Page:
Feed aggregator

Audit Concludes No Backdoors in TrueCrypt

Threatpost for B2B - Thu, 04/02/2015 - 13:50
Auditors performing a cryptanalysis of TrueCrypt found four vulnerabilities, but zero backdoors in the popular open source encryption software.

Google Report Lauds Android Security Enhancements

Threatpost for B2B - Thu, 04/02/2015 - 13:22
Google's first Android Security Report puts some hard data behind the effectiveness of the security enhancements it has put into the OS.

Google Awards $5k Bounty for YouTube Video Delete Bug

Threatpost for B2B - Thu, 04/02/2015 - 11:23
A Russian security researcher discovered that he could delete any video on YouTube by sending a simple POST request in YouTube's Creator Studio.

Google, Mozilla Drop Trust in Chinese Certificate Authority CNNIC

Threatpost for B2B - Thu, 04/02/2015 - 07:59
UPDATE–Google has taken the unusual step of completely removing trust from Chrome for the Chinese certificate authority CNNIC in the wake of an incident in which certificates issued by the CA were misused. Mozilla followed suit on Thursday, also removing CNNIC from its trust store. Google officials announced the severe decision on Wednesday, saying that […]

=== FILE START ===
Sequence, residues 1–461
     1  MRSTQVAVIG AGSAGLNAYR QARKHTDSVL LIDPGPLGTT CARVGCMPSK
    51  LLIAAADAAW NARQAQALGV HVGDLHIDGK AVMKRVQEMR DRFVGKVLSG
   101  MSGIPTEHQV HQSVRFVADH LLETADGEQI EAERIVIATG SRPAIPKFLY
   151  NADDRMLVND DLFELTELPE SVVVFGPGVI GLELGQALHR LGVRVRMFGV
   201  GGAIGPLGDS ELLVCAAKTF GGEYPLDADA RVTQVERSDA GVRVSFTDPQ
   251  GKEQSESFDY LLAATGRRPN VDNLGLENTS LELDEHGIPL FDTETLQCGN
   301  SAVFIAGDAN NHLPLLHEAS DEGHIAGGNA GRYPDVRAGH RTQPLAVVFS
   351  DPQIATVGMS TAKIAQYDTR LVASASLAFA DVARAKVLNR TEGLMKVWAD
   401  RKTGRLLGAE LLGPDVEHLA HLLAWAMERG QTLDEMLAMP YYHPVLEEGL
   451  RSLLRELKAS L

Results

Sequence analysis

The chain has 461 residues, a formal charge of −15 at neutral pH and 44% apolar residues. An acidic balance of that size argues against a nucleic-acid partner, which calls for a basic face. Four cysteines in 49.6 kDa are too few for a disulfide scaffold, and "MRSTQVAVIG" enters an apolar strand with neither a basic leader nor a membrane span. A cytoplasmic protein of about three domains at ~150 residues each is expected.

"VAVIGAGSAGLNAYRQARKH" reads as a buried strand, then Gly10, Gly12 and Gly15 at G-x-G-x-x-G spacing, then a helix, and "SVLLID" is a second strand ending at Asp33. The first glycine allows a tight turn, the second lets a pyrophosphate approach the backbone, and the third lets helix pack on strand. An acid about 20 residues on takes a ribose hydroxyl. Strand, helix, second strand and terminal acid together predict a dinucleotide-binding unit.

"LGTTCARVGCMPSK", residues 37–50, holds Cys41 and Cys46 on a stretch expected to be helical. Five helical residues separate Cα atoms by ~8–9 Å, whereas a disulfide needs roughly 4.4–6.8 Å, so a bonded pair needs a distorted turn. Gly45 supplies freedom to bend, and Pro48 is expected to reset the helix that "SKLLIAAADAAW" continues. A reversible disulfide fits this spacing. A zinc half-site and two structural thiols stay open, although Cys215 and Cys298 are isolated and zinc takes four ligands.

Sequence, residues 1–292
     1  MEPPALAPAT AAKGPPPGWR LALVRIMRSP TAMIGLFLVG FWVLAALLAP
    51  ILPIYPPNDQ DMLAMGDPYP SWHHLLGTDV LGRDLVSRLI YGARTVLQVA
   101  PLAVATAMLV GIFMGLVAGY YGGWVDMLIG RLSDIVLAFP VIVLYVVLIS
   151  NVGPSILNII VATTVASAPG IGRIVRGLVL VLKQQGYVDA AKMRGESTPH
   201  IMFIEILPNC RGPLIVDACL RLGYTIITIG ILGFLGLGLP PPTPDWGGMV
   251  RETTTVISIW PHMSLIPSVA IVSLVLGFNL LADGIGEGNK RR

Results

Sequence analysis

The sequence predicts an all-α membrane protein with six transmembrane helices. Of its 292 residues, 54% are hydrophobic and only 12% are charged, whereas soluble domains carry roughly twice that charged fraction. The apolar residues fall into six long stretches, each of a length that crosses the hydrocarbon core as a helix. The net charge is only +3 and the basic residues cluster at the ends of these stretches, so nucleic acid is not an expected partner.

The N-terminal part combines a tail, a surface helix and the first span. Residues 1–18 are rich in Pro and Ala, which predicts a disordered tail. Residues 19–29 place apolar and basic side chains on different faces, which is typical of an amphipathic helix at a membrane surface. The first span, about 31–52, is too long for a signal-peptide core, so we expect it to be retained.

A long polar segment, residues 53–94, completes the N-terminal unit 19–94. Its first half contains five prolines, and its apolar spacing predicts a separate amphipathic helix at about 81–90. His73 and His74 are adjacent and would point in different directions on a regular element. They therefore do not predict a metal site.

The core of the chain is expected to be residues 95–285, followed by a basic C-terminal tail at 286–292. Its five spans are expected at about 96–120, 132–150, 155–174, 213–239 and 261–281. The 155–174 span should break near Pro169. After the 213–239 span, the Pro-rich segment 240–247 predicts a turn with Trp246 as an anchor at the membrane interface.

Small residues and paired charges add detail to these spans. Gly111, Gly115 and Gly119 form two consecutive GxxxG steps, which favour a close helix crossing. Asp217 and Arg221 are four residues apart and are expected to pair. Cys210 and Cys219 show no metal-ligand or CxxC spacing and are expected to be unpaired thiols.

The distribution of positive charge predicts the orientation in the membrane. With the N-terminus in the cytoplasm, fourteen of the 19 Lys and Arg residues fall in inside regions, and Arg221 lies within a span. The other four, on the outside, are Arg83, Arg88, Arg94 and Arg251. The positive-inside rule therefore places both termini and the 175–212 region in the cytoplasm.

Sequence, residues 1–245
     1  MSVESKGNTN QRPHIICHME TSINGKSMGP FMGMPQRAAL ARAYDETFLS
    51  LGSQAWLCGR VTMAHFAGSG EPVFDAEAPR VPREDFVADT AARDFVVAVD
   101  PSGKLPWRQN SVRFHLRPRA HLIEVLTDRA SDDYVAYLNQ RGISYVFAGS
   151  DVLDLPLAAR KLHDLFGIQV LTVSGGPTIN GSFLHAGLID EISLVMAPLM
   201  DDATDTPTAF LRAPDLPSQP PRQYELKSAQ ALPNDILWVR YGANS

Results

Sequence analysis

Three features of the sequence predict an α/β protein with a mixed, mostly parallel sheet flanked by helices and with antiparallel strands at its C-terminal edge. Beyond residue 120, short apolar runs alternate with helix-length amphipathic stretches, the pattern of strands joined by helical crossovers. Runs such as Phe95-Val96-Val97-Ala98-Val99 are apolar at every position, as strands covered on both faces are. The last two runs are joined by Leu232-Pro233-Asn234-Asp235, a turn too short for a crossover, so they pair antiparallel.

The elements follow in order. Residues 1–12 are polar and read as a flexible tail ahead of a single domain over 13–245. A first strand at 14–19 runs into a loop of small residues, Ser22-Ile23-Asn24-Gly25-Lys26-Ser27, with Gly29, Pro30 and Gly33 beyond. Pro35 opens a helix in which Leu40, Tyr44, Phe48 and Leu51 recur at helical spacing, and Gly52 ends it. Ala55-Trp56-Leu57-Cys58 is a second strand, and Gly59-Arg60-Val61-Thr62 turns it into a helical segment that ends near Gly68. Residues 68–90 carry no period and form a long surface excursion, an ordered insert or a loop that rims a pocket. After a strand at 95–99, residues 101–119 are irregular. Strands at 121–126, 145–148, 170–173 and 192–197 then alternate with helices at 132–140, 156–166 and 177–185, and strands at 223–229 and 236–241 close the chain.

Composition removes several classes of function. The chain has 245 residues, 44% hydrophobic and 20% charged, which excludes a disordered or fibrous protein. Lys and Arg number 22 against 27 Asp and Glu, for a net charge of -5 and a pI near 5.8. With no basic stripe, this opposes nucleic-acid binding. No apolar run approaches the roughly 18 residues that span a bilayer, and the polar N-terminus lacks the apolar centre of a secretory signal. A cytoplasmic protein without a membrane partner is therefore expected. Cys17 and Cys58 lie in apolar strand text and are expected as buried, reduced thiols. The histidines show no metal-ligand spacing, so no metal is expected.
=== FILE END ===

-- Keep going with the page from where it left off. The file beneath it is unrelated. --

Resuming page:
Little Change in Online Behavior Following Snowden Revelations

Threatpost for B2B - Wed, 04/01/2015 - 15:15
Pew Research Center survey finds that most Americans have done little or nothing to change their online behaviors nearly two years after the first NSA spying revelations emerged.

Students Build Open Source Web-Based Threat Modeling Tool

Threatpost for B2B - Wed, 04/01/2015 - 15:00
Students at St. Mary's University in Canada released to open source a web-based threat modeling tool called Seasponge that they hope will provide an alternative to Microsoft's free tool.